Because the value of antidepressants is hampered by their delay in onset of action, considerable attention has been focused on developing a drug that acts more rapidly. However, although specific studies are now ongoing, there have been no peer-reviewed prospective onset of action trials published in the literature to date. Some data are currently available from post-hoc pooled analyses and numerous methods have been developed for evaluating the onset of action; these include the time to response, the time to onset of therapeutic effect, pattern analysis and survival analyses. Such an analysis of four large-scale, double-blind studies has provided evidence for an earlier onset of action with mirtazapine than with the SSRIs (fluoxetine, paroxetine and citalopram). Significant differences were seen between mirtazapine and the SSRIs after 1 week of treatment. This effect was consistent across the four different methodologies and appears to be due to a specific antidepressant effect rather than an early effect on, for example, sleep. These findings await confirmation from specifically designed prospective onset of action studies.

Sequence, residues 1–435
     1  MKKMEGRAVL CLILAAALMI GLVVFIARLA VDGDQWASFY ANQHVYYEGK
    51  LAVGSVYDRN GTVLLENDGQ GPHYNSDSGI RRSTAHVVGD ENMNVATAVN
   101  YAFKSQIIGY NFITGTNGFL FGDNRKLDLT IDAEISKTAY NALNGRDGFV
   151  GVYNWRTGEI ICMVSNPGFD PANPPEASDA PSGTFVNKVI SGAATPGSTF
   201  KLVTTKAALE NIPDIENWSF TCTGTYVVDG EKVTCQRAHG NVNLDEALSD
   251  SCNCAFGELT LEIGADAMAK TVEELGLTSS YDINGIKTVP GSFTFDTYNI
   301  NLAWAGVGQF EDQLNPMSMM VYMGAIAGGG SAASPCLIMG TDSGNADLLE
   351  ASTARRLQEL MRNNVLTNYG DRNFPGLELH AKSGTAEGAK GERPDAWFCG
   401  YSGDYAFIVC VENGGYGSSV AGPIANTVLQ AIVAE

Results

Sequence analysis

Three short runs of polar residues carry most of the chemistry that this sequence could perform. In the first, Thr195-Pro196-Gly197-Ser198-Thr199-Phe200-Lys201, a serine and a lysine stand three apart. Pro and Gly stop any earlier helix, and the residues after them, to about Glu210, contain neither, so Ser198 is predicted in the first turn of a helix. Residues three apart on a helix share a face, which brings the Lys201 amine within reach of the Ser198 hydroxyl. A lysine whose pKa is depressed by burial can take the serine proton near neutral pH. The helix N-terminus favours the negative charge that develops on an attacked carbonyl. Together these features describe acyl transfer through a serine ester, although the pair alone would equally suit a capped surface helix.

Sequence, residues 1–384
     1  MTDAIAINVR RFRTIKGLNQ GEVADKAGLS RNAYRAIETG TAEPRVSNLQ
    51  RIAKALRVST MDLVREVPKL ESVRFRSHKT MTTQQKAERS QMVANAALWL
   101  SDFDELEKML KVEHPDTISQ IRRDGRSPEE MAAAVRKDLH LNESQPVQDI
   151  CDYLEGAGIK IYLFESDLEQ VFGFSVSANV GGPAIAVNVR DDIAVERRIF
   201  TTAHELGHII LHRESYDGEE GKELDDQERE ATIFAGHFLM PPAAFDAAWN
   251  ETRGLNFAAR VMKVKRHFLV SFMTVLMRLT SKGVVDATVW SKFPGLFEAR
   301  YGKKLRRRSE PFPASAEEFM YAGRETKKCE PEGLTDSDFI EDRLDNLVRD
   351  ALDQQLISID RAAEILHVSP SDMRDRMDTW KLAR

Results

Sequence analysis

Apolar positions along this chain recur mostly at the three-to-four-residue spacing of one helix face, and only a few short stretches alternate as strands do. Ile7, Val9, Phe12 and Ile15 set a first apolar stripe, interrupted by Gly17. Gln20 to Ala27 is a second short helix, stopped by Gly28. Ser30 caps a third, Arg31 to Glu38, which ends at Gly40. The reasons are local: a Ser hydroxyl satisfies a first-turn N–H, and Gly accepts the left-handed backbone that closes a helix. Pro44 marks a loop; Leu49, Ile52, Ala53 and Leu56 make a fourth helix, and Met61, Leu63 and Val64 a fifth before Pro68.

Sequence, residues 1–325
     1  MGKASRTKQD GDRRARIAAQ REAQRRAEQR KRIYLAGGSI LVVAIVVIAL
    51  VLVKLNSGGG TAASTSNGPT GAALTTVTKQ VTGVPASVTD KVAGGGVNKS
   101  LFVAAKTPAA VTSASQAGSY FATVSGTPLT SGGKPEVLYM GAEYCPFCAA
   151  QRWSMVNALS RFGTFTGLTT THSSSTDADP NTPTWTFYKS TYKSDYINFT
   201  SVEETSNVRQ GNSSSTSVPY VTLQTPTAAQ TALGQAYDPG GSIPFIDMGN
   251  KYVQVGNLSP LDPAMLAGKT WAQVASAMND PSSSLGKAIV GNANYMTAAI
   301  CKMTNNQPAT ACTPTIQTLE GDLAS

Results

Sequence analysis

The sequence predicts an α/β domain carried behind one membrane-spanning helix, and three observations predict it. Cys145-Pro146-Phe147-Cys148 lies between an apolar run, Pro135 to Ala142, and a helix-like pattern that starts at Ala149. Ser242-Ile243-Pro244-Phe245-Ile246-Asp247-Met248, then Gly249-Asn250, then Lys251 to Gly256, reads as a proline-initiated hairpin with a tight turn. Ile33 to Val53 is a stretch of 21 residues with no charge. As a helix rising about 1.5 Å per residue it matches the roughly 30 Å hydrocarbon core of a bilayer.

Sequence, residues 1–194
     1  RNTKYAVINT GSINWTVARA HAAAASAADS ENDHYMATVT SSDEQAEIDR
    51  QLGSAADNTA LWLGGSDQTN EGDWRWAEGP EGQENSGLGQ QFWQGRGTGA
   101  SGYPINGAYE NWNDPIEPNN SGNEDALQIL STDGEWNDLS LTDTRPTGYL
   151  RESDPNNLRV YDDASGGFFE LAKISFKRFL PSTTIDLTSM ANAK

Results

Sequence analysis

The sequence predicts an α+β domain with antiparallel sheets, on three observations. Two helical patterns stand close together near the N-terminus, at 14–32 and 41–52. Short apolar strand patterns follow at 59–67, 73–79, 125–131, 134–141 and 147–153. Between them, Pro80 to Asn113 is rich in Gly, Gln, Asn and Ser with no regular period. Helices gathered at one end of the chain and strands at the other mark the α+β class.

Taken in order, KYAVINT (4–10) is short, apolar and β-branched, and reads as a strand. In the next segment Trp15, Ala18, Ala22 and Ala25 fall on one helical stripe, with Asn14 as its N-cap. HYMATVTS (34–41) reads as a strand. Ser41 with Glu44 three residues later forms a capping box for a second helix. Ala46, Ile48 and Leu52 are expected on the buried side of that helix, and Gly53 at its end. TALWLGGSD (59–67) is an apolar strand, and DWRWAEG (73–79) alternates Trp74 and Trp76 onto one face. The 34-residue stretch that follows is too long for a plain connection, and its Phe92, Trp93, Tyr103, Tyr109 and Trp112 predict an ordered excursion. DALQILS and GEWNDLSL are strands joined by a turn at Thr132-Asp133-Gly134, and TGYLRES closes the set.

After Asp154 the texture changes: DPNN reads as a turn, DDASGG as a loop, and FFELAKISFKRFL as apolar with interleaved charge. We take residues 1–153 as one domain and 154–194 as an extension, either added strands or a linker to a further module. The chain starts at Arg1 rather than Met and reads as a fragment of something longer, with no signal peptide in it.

Copyright 2002 John Wiley & Sons, Ltd.